As we head towards the new year, JP Morgan analyst Haibin Zhu looks ahead to the Chinese economic outlook for 2014.
Where is China’s growth heading in 2014?
The investment bank expects the Chinese economy to decelerate from 7.6 per cent in 2013 to 7.4 per cent in 2014.
It believes that a shift in government policy, from stabilising growth to structural reform, along with the continued expectation of credit tapering, will see GDP growth slow.
On the domestic front, real estate and public infrastructure will soften, says Zhu. And although pickup in developed markets should be a positive driver for exports, production costs, renminbi appreciation and still-feeble emerging market demand will probably limit export growth.
Will the official growth target really matter?
JP Morgan think China's 2014 growth target will be lowered to seven per cent – from 7.5 per cent. That's the lowest it's been since 2005.
This, explains Zhu, is to allow more room for structural reforms (which'll probably impact growth negatively in the near term) and to let local government and the market know that the quality and sustainability of growth is more important to new leaders than just pace.
The lowering of the growth target doesn't reflect the level of government willingness to push ahead with reforms – it merely shows different assessments of the effect planned reforms will have on near-term growth.
Moreover, JP Morgan thinks that the positive near-term impact of some structural reforms – easing the one child policy, administrative reform – will be more than offset by negative near-term impact owing to credit tapering and the addressing of over-capacity in some sectors.
What will happen to the investment cycle?
Economic restructuring and the slowing of credit growth will temper fixed asset investment next year, says Zhu.
The three main elements – manufacturing, infrastructure and real estate investment – will all show varying degrees of softness next year. Overcapacity in most manufacturing sectors, the government's continuing mini-stimulus and difficulties for local governments in maintaining high growth in local infrastructure will moderate growth.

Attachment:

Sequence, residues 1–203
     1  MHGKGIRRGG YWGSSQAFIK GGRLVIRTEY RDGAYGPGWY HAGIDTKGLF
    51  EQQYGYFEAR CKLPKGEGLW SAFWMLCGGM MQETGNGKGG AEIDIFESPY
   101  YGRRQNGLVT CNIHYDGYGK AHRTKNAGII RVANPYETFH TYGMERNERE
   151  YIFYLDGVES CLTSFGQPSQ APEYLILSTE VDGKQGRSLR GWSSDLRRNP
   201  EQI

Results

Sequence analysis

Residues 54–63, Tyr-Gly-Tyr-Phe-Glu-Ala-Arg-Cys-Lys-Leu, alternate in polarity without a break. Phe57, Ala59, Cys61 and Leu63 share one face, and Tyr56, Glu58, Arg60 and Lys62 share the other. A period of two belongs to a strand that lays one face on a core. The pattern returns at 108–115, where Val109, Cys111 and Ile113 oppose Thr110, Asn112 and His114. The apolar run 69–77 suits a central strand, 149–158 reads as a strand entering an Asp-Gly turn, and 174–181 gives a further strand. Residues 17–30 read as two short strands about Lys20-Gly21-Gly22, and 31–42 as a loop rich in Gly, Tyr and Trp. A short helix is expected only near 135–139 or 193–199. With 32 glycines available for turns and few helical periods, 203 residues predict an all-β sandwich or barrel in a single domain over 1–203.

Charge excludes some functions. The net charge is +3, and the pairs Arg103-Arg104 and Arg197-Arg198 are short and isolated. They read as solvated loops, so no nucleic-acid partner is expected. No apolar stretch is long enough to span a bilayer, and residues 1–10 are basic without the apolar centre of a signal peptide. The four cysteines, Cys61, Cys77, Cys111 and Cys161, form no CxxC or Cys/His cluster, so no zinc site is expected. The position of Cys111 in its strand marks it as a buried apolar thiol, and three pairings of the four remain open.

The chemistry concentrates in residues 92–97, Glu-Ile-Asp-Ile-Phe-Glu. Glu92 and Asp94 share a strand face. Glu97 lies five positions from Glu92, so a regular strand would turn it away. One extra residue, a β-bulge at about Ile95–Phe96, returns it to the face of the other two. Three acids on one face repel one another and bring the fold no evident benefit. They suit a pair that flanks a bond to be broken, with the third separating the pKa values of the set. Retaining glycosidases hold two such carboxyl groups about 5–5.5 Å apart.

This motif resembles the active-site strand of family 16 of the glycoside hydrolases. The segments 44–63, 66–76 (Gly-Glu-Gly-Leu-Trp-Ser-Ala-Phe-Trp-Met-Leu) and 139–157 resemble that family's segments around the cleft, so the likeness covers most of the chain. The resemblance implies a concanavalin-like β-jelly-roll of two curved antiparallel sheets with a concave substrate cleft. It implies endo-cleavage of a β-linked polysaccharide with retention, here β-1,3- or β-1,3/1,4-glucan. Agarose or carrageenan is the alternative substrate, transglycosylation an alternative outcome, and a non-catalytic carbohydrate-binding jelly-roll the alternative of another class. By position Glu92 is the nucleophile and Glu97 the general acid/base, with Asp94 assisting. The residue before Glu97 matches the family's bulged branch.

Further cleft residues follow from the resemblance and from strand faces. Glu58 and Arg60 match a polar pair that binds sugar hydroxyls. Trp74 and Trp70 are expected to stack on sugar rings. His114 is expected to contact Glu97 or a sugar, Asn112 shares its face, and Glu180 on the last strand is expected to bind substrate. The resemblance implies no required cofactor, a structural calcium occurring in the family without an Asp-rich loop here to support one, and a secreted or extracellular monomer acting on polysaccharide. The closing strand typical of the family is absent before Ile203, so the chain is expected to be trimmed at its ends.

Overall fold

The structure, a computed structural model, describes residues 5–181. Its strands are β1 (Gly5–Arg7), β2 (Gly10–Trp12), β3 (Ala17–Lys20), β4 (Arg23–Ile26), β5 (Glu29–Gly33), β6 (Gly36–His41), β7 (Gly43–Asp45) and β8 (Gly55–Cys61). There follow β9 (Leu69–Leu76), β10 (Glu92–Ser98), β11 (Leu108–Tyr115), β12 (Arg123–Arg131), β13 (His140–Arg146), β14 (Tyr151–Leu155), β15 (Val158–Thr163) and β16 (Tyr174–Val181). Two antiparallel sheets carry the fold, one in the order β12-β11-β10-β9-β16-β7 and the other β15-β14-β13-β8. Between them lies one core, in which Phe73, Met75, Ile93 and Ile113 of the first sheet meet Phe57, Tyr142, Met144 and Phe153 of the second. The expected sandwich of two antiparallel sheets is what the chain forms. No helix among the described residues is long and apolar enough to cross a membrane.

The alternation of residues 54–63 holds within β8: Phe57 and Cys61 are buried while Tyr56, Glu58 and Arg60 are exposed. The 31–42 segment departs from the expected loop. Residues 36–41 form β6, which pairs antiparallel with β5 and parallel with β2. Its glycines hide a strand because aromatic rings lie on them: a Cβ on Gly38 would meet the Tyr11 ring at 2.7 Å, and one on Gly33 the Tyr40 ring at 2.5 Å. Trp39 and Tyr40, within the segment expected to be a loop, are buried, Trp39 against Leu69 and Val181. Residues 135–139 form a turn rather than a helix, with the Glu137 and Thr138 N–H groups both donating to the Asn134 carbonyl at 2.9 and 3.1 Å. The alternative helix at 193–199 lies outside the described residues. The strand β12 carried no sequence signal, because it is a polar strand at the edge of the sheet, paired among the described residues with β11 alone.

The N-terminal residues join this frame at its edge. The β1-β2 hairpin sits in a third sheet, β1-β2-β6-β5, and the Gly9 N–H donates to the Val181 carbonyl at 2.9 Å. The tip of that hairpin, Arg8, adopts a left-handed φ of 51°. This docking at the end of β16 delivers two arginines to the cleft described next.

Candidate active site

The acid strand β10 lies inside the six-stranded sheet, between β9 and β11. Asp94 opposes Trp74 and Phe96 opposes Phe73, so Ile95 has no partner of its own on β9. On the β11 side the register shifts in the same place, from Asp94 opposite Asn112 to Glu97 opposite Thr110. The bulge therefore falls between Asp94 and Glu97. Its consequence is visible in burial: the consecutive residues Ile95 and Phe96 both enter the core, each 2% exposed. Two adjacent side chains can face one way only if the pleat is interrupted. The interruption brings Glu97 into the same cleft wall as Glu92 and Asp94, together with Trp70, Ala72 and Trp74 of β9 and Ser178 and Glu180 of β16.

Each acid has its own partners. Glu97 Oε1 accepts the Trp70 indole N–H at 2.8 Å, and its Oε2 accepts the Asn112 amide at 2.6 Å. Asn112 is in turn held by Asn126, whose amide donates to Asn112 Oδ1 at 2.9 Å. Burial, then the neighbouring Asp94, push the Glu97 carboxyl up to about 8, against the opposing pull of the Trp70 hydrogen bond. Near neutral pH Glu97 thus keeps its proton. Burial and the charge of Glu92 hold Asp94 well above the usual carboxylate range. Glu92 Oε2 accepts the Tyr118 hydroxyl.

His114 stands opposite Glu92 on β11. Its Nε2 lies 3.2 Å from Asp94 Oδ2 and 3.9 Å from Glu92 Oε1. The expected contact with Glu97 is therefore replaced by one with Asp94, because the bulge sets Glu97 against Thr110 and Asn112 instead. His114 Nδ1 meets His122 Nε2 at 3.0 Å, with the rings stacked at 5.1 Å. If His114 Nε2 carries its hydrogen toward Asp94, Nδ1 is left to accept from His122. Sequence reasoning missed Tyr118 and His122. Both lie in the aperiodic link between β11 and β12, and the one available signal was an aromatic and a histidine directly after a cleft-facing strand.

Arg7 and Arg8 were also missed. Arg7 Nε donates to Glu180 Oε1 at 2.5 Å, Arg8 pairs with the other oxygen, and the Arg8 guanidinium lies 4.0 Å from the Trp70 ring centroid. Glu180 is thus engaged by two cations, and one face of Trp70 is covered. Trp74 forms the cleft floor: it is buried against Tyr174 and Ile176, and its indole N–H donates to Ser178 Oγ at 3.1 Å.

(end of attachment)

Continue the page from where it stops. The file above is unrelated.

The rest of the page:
It's the same story in the real estate sector, as house price inflation slows and credit conditions tighten.
How will China be affected by the global recovery?
Pretty positively. The bank believe the global economy could well see growth that's slightly above trend next year, led by developed markets. If it does, this'll provide quite a favourable environment for China's export sector.
Having said that, production costs are still the main challenge for the country's export and manufacturing sectors, according to Zhu. General labour costs are rising and relatively outstripped the value of merchandised export growth. As such, it's notable that China's share of the US import market seems to be peaking.
What will be the monetary policy stance?
Most likely the same. The bank expect the central bank to keep the current neutral monetary policy stance, keeping interest rates on hold through 2014.
Will CNY continue to appreciate in 2014? How will the US QE tapering affect China?
JP Morgan expect the renminbi to carry on appreciating moderately. With the global economic recovery bolstering the export sector, China's current account should stabilise at around two per cent of GDP.
And US tapering? If it were to affect anything, it'd be trade and capital flows, says the bank. But the impact on China's export sector should be minimal and, because of its solid external position (it doesn't rely heavily on foreign capital inflows to fund domestic growth), it'll likely remain little affected.